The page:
This Date in Cubs History: Ron Santo makes his big league debut

(Photo by Dylan Buell/Getty Images)
(Photo by Dylan Buell/Getty Images) /

When you’re a fan of a team like the Chicago Cubs, an organization with more than a century of rich history, pretty much every day of the calendar year carries some historical significance. Today, June 26, is certainly no exception. On this date back in 1960, a young infielder made his major league debut. His name? Ron Santo.

Of course, whenever we talk about Santo now it’s as a Hall of Famer. But that career started with a single game – well, actually, a pair of games in the form of a doubleheader at Forbes Field in Pittsburgh.

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Santo batted sixth in the opener, collecting his first two big league hits and driving in three in what wound up being a 7-6 Cubs victory. One of those two knocks was a double, another first for the Seattle, WA native. In the night cap, it was another strong showing for the infielder, driving in another pair of runs as the North Siders completed the sweep of the twin bill.

Even after the pair of victories, Chicago sat at just 25-37 on the season. The club finished the year 60-94-2 under managers Charlie Grimm and Lou Boudreau – good for seventh in the National League.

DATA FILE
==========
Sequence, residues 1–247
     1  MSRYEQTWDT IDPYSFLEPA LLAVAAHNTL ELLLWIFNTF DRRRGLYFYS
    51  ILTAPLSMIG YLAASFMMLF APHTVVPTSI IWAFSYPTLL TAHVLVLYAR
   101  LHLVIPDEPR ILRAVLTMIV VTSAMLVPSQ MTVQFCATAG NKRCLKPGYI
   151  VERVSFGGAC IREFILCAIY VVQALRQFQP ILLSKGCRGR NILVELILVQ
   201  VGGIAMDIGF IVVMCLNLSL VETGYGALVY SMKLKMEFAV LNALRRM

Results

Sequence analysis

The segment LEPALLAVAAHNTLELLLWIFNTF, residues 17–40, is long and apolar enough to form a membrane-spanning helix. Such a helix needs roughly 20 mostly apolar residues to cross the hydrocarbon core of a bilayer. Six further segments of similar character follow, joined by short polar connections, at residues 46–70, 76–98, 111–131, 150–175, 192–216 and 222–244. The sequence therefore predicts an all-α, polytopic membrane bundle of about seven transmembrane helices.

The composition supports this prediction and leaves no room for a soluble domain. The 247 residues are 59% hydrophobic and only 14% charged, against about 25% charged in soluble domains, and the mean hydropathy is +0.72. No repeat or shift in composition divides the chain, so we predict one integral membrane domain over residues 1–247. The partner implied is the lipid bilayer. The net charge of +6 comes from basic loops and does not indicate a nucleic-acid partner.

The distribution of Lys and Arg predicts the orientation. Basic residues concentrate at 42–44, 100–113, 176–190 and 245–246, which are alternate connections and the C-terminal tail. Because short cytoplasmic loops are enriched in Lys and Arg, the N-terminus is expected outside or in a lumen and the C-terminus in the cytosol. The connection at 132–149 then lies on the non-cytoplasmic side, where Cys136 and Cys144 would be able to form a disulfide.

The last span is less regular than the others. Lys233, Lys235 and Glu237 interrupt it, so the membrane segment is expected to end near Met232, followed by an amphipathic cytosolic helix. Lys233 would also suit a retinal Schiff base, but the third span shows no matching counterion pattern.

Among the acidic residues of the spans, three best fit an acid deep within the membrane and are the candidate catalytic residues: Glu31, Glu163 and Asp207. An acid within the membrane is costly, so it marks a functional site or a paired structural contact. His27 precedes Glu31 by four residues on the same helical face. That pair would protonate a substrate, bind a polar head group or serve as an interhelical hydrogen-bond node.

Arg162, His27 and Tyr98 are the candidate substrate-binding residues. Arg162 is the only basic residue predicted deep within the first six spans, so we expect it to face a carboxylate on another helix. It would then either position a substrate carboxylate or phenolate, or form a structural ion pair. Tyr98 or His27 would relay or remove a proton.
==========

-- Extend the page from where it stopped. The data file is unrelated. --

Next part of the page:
By season’s end, Santo was the 10th-most valuable man on the Cubs roster, accumulating 0.9 WAR. He actually finished fourth in NL Rookie of the Year balloting for his performance, hitting .251/.311/.409 with 24 doubles and a 97 OPS+. Of course, that club was headlined by another future Hall of Famer in Ernie Banks, who was coming off his back-to-back MVPs and wound up finishing fourth in NL MVP voting.

Chicago Cubs: Ron Santo was beginning the start of an illustrious career

By the time Santo hung up his spikes, he’d cemented his place as not just a Cubs legend, but one of the greatest first basemen of all-time. He brought home five Gold Gloves and earned nine All-Star selections, also finishing in the top five of MVP voting twice.

He clubbed 342 home runs, 337 of which came with the Cubs – the fourth-most of any player in franchise history. Everyone remembers home runs – but his work with the glove was equally, if not more impressive than what he did at the dish. Here’s what the National Baseball Hall of Fame has to say:

"Defensively, Santo led all NL third basemen in putouts seven times, assists seven times and total chances nine times – and retired with NL records for most assists in a season by a third baseman, most double plays by a third baseman in a career and most chances accepted at third base."

dark. Next. Where does Santo rank among all-time Cubs greats?

As someone who grew up with Santo as a broadcaster, it’s always a treat to go back and reflect on just how incredible of a player he was for years and years. On this date, way back in 1960, it all started with – how fitting – a doubleheader.